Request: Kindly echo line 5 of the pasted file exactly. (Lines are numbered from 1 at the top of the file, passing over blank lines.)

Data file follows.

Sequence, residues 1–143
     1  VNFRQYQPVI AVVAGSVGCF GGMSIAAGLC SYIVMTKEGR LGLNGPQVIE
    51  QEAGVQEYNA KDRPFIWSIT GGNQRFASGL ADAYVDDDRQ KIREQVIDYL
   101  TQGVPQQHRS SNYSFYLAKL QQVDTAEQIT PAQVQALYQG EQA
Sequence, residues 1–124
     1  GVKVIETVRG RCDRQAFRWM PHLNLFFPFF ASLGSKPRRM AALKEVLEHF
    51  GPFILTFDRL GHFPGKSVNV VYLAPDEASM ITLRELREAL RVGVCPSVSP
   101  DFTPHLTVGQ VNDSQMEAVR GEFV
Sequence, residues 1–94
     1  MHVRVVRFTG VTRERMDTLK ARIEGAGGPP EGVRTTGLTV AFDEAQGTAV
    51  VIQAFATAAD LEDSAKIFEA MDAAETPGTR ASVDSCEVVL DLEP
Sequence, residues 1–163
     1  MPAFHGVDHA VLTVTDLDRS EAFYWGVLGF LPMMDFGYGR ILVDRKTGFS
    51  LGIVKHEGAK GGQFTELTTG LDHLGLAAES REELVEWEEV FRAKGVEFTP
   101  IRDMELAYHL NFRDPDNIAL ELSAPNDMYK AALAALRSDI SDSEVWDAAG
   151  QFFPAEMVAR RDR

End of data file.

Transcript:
Sequence, residues 1–124